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The Social and Economic Condition of the Highlands of Scotland Since 1800

IN issuing from the press, at this time, in book j form, his excellent essay on the Highlands and Western Islands of Scotland, I am of opinion that Mr. Beaton is conferring a distinct benefit on his countrymen. His little treatise is undoubtedly one of the wisest and best ever written on the subject. The author of the essay now lives in South Africa, where he discharges the duties of an important and responsible situation; and it says a good deal for him that, in the midst of all his toils and anxieties in that part of the world, he can still find time to plan out schemes for the improvement of his dear old native land, and for the amelioration of the material and social condition of its inhabitants. Mr. Beaton is no mere theorist or day-dreamer. On the contrary, as a successful engineer, with an extensive and varied experience, he knows thoroughly what he is writing about; and he clearly demonstrates that the suggestions he makes, if carried into effect, would not only be of present benefit to the Highland people, but would actually pay, and in most cases be a source of future enrichment to the nation at large. I am fully persuaded that in his book Mr. Beaton gives voice to the demands of all reasonable and common-sense people in our Highlands and Islands; and I trust that our legislators will "read, mark, learn, and inwardly digest" his modest and moderate proposals, which, I feel perfectly sure, will be helpful to them in their deliberations on the subject.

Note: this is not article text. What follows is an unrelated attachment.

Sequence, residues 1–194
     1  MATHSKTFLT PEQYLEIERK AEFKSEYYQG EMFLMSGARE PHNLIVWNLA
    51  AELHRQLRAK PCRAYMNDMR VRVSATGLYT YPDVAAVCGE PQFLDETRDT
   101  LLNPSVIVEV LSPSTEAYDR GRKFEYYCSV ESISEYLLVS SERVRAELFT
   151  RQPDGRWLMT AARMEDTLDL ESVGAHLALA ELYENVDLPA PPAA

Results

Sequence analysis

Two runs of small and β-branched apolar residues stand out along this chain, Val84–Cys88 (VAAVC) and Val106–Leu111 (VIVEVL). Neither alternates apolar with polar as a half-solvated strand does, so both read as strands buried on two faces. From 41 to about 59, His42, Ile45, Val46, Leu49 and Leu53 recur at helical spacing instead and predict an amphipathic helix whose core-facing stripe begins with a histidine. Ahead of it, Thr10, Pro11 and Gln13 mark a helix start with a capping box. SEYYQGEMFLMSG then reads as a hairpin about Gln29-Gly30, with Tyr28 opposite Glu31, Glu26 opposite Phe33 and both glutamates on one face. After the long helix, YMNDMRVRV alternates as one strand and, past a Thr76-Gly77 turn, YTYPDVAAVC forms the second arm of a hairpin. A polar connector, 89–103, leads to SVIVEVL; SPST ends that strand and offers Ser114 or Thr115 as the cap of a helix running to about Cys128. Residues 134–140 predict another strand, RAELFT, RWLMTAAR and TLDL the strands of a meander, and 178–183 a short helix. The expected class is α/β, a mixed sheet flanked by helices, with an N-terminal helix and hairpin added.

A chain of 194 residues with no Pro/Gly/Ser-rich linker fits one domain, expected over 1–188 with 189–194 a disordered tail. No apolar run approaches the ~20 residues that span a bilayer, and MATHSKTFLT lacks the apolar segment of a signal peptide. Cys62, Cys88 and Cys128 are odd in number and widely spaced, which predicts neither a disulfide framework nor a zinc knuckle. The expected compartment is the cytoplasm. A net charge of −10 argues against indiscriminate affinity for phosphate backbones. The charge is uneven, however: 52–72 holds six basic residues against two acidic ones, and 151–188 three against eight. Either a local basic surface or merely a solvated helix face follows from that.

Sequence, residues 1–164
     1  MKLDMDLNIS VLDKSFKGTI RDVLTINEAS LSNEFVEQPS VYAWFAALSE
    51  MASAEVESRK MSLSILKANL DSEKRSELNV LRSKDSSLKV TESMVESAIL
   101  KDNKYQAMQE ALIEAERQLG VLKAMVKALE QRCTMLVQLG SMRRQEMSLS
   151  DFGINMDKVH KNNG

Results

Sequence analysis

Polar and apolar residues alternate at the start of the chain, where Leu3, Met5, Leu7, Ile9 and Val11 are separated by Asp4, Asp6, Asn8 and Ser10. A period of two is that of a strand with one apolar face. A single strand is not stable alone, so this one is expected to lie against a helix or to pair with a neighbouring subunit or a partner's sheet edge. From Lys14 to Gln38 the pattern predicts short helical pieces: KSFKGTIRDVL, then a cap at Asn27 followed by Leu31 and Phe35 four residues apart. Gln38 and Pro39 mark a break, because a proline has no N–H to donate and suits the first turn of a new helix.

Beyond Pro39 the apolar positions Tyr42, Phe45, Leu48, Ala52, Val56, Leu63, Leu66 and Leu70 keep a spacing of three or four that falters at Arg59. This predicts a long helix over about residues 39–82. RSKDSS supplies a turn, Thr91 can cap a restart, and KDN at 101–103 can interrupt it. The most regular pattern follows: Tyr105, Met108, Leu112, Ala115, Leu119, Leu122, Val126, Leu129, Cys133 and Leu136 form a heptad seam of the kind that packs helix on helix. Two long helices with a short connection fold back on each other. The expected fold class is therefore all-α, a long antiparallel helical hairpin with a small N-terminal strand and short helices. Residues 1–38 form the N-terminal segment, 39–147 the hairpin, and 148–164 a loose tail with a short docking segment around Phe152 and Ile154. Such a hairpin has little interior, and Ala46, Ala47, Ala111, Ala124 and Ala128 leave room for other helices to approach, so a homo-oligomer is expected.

On account of the great distance between Johannesburg and Stirling, Mr. Beaton requested me to revise the proofs of his volume, a task which I readily agreed to undertake; and I accordingly endeavoured, so far as possible, to correct those small errors in spelling which have such a tendency to creep into a printed book. Of course, Mr. Beaton himself is to be held responsible for the final revision of his work.

Parish Minister of Kinloch-Rannoch.

PERTHSHIRE, 20th March, 1906.

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